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     Ambarella is set to report its fiscal 2016 second quarter earnings results today after the closing bell. Analysts are expecting the company's earnings and revenue to grow year-over-year. For the recent quarter, analysts are expecting the imaging and video chipmaker to post profits of 81 cents a share, more than doubling the 37 cents a share it earned in the same quarter the previous year.

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    India is the hottest place to be right if you are an e-commerce company. The online-shopping market in India is expected to grow to $8.5 billion in 2016 from $2 billion in 2013, according to Accel Partners. It therefore should come as no surprise that Alibaba (BABA) and Amazon (AMZN) are already plotting out their strategies in the area alongside startups like Flipkart and Snapdeal.

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    Cloud software company helps businesses with price quotes, contracts. A new tech company has joined the billion-dollar-valuation club. Apttus, a software company that helps businesses manage the sales process, has raised $108 million in series C funding at a valuation of more than $1 billion, the company announced Tuesday.

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    The following are mergers under. APPROVALS AND WITHDRAWALS. -- U.S. investment firm Apollo Global Management (APO) to acquire majority control of Slovenian bank Nova KBM. -- German retailer REWE to acquire some travel units from Swiss travel operator Kuoni Reisen. NEW LISTINGS. None. EXTENSIONS AND OTHER CHANGES. None. FIRST-STAGE REVIEWS BY DEADLINE.

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    The following bids, mergers, acquisitions. ** Online gambling firm 888 Holdings Plc stepped up the battle for Bwin.party Digital Entertainment Plc on Tuesday, submitting a revised takeover proposal as it looks to see off rival interest from GVC Holdings Plc.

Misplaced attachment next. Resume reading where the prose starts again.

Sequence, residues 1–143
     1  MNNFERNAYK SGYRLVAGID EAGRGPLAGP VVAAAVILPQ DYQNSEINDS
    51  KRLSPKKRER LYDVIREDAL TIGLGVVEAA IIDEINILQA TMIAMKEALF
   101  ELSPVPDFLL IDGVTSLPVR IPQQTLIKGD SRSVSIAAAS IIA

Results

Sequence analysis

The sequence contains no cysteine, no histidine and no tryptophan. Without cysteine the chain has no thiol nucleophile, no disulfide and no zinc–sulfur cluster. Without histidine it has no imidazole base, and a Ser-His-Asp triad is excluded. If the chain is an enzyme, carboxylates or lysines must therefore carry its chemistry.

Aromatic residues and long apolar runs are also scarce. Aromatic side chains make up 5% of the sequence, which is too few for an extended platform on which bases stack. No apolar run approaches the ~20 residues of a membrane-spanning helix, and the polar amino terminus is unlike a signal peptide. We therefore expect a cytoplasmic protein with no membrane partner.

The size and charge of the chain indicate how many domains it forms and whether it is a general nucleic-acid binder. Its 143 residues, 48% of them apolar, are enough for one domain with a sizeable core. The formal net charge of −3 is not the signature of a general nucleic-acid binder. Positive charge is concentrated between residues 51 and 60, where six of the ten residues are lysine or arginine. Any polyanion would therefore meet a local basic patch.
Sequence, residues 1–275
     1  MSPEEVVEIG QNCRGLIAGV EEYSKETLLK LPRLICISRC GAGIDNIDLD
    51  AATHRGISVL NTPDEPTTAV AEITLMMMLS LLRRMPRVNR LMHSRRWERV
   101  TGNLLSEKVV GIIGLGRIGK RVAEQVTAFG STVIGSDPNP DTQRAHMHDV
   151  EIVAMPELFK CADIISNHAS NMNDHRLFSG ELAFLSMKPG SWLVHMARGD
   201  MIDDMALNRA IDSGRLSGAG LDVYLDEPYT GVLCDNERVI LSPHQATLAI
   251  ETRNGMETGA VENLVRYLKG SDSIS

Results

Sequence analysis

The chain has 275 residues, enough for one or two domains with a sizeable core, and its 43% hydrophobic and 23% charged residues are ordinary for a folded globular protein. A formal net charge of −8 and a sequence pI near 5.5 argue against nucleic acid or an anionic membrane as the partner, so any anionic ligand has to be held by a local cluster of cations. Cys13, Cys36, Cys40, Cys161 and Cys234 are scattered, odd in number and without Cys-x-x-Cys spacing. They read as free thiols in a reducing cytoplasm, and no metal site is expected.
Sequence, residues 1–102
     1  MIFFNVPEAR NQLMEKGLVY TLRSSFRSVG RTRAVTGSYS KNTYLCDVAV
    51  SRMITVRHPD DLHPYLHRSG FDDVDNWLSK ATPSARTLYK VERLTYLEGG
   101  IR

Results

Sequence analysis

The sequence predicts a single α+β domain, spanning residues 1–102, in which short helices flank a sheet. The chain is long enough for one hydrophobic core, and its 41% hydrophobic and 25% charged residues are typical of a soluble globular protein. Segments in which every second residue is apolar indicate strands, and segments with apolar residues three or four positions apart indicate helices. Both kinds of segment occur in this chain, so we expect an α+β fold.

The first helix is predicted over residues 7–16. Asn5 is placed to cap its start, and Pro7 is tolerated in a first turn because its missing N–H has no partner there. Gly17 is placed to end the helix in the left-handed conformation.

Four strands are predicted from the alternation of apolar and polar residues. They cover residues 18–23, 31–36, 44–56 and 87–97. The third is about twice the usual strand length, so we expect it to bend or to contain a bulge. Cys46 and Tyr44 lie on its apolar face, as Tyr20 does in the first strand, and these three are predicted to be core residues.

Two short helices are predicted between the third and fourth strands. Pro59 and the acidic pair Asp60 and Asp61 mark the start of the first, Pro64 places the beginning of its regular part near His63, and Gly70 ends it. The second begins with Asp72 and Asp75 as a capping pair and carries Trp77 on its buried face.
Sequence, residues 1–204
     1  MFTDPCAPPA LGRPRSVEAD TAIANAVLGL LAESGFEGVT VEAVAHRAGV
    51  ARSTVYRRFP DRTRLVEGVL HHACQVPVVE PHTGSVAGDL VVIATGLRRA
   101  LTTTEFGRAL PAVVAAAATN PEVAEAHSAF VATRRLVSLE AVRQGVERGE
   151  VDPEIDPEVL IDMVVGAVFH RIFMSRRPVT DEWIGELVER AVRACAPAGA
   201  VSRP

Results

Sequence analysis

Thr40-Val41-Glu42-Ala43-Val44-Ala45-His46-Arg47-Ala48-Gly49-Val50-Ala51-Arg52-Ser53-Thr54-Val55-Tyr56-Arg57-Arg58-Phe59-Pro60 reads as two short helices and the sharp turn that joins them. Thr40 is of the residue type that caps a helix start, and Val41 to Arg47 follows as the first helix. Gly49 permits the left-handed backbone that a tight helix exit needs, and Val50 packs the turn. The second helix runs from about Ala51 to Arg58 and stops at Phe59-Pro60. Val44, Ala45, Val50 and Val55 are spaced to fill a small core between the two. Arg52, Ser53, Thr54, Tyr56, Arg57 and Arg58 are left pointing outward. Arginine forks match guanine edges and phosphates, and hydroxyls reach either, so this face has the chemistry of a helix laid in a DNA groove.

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    Bild tabloid publisher Axel Springer and Korean electronics group Samsung announced a partnership in mobile media including news. The two companies said on Tuesday they would collaborate to produce digital media exclusively for Samsung customers, beginning with a news platform in Germany and Poland that will be rolled out in other European markets next year.

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    (Repeats to format tables) MOSCOW, Sept 1 (Reuters) - Russian mobile phone subscriptions stood at 242.33 million at the end of the second quarter, up from 238.35 million in the previous quarter, data from market research group AC&M showed. Overall penetration in Russia rose to 169.6 percent by the end of June from 166.8 percent three months earlier. Russia's population stood at 146.3 million at the beginning of 2015, according to the state statistics office. AC&M provided the following data (millions of subscribers): - MTS numbers are for Russia, Ukraine, Armenia, Turkmenistan, Uzbekistan and Belarus; - Vimpelcom (VIP) numbers are for Russia, Kazakhstan, Ukraine, Tajikistan, Uzbekistan, Armenia, Georgia and Kyrgyzstan; - Megafon numbers are for Russia, Tajikistan and Georgia's two breakaway regions of Abkhazia and South Ossetia that Russia recognises as independent states; - All of the subscribers with Tele2, Cellular Communications MOTIV and SMARTS Group are in Russia: Q2 2015 Q1 2015 Mobile TeleSystems (MTS) 105.33 104.24 of which in Russia 75.39 74.50 Vimpelcom (VIP) 109.27 107.86 of which in Russia 57.17 55.71 Megafon 73.85 71.97 of which in Russia 71.40 69.52 Tele2 Russia 34.70 34.90 Cellular Communications MOTIV 2.42 2.42 SMARTS Group 1.07 1.08 Russian market share breakdown by percentage as of June 30: MTS Megafon Vimpelcom Tele2 Others Russia 31 29 24 14 2 Moscow 34 32 34 0.3 - St Petersburg 28 37 18 17 - Regions 31 28 22 17 2 (Reporting by Anastasia Teterevleva and Maria Kiselyova; editing by David Clarke)

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    Philippine electronic exports this year will probably be weaker than previously thought as demand from major trading partners remain sluggish, an electronics industry group said on Tuesday. The Semiconductor and Electronics Industries in the Philippines slashed its 2015 exports growth forecast to 0-4 percent from the 3-5 percent estimate made in July.